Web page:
|Advertising|Jobs 転職|Shukan ST|JT Weekly|Book Club|JT Women|Study in Japan|Times Coupon|Subscribe 新聞購読申込|
|Home > Life in Japan > Features|
Sunday, Feb. 4, 2001
Life is too short, even when you have nine!
By AMY CHAVEZ
I used to think I knew how to bury a dead cat. Then I learned the Japanese way.
It happened yesterday, when I noticed a strange cat lying next to the house. It was as if the cat had been chasing a bird when suddenly, the bird took revenge by casting an Evil Bird Spell that froze the cat in mid-air. Then the cat fell over in that position.
Perhaps he's just stunned, I thought, trying to be optimistic.
When I realized the spell wasn't wearing off, I went to my next-door neighbor's house and said, "Ueda-san, what do I do with a dead cat?"
Ueda-san didn't miss a beat, and went straight to work as if she had buried a few hundred cats this year already. "Get some gloves." she instructed. I came back with rubber gloves. "No, no," she said, "throw-away gloves." I came back with cotton throw-away gloves. "No, no." She shook her head and disappeared into her house.
I wondered if she had special "dead cat" gloves approved by the Society for Dead Cats and "inspected by Don." But she came out wearing clear plastic gloves. I decided I'd better be the assistant in this operation.
"Next, we need a cardboard box," she said. I brought a box from the house. "Don't you think that's rather large?" she said. I told her I didn't have anything else.
"How about an old towel?" she suggested. She was either responding to an innate Japanese sense or she had gotten an A in Dead Cats 101.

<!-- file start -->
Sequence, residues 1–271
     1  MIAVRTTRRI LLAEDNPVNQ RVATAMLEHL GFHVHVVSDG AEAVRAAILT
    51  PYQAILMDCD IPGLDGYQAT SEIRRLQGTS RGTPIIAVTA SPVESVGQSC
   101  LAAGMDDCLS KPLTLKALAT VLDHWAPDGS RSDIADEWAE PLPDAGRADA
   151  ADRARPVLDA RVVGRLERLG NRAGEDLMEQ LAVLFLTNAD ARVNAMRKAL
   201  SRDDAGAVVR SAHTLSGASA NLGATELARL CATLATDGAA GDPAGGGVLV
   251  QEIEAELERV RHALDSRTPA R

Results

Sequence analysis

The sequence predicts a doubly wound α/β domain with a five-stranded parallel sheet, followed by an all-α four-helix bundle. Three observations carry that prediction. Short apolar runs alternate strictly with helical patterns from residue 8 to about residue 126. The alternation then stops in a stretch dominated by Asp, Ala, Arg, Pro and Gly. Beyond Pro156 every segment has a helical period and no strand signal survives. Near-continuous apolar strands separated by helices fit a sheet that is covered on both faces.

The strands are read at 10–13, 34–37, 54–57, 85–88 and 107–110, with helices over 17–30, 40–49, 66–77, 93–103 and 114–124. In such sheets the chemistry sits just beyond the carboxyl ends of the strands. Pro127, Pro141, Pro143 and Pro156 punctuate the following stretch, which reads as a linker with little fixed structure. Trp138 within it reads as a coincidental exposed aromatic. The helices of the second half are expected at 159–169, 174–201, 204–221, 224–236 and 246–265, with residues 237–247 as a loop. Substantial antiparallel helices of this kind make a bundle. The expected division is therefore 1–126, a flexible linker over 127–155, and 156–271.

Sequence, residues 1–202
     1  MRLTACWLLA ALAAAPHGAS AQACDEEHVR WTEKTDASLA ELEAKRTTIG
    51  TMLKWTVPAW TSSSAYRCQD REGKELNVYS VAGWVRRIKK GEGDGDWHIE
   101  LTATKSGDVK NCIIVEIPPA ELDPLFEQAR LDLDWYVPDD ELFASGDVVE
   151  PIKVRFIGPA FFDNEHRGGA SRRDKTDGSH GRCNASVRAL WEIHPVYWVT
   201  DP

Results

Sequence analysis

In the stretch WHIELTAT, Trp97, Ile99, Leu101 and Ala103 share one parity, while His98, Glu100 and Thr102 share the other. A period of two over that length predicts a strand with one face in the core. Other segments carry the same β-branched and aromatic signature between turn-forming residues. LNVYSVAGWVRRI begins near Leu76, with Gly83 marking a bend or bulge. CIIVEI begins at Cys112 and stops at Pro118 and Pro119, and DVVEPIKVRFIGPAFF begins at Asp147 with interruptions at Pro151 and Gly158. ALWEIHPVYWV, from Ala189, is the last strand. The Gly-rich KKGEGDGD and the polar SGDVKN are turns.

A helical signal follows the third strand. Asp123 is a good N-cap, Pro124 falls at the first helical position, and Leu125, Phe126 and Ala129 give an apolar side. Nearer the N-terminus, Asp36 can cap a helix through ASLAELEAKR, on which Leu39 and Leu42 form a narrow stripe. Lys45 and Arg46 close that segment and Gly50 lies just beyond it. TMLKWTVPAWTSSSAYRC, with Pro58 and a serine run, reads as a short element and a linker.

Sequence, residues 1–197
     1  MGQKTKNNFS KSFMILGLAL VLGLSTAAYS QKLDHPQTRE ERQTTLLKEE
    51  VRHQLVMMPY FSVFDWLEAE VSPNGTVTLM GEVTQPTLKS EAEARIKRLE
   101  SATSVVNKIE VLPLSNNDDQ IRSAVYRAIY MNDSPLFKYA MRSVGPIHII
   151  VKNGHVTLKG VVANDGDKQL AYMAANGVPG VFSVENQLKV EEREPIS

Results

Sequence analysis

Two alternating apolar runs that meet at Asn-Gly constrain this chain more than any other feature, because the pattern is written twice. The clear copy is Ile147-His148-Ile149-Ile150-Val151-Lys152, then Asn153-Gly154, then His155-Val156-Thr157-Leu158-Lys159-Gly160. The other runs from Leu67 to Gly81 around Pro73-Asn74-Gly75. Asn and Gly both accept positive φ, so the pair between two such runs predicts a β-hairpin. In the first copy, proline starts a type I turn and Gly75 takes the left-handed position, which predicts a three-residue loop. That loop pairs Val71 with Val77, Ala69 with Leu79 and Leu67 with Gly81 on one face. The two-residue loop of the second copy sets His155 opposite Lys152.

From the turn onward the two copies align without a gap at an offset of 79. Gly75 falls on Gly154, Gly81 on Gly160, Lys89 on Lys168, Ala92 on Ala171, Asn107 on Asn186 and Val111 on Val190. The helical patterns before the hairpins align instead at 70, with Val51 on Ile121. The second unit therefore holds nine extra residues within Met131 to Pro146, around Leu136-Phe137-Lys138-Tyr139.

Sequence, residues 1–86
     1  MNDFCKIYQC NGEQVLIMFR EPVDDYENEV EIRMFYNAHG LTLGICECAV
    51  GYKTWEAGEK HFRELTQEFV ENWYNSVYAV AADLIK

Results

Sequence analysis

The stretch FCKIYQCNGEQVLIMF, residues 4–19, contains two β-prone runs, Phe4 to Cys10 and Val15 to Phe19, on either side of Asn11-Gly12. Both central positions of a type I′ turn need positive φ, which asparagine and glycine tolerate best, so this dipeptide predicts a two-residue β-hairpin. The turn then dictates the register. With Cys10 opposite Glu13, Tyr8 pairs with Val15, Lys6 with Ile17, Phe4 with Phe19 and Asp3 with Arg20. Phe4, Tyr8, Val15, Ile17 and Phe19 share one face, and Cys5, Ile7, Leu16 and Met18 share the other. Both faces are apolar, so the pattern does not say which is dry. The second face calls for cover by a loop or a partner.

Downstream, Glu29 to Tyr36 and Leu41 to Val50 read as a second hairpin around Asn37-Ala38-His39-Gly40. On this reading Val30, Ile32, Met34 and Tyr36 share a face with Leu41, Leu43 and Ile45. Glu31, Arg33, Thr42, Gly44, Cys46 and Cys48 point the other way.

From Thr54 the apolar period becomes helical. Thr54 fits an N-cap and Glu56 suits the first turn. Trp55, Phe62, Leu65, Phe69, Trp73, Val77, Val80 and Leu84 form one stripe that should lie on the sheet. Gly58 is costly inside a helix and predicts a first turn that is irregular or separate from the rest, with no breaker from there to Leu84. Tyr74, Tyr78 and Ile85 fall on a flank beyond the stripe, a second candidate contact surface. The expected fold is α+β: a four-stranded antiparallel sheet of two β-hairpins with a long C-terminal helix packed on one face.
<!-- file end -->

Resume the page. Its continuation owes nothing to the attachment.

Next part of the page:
I ran into the house and brought out a pink, flower-print towel I had always disliked.
"No, no," she said and disappeared again into her house. I pictured Ueda-san going through her impeccable towel closet: beach towels, bath towels, "sento" towels, free post-office towels, pre-packaged "omiage" towels, pre-packaged omiage towels with quaint, French sayings, hand towels, dead-cat towels. She emerged with a white towel sheared on both ends.
I couldn't stand the thought of picking up the fuzzy kitty and arranging him properly on his death towel. But of course, Ueda-san would do it for me.
She picked up the cat, "He's stiff!"
Now, I'm sorry, but when a cat is that hard, it's not a cat anymore. A cat should not be stiff. In the same way a cat should not be soluble, a cat should not be stiff.
Thus, having lost all the favorable qualities of catness, we now had an almost two-dimensional, cat-shaped placard. This put me at ease. I would not be burying a cat, just something shaped like a cat.
Ueda-san wrapped the towel like a kimono, leaving the head and whiskers visible.
I didn't have a shovel but Ueda-san didn't ask. She disappeared into her gardening shed. Perhaps, I thought, she is going to retrieve a Panasonic "Guraibu Digga" that, when switched to the "cat" setting, cuts out a grave in the shape of a cat, complete with imprints for head, whiskers and tail. Turn on the motor and it sucks out the soil and empties it into a neat cone-like pile next to the hole.
I was relieved when, instead, she came out brandishing a shovel.
Together, we carried the placard cat up into the mountain. We dug and dug, through stones and tree roots, until finally we had cleared a large enough hole.
Then, with the tenderness of a grandmother who has buried far too many cats in her lifetime, Ueda-san laid the kitty down in the hole. We covered the grave and marked it with a flat stone and a frond. I gave a little prayer. The rest was up to the Mountain God.
Our placard cat might not be a cat anymore, but he will always be a kitty.
Visit the Japan Lite home page at www.amychavez.com or e-mail comments to: firstname.lastname@example.org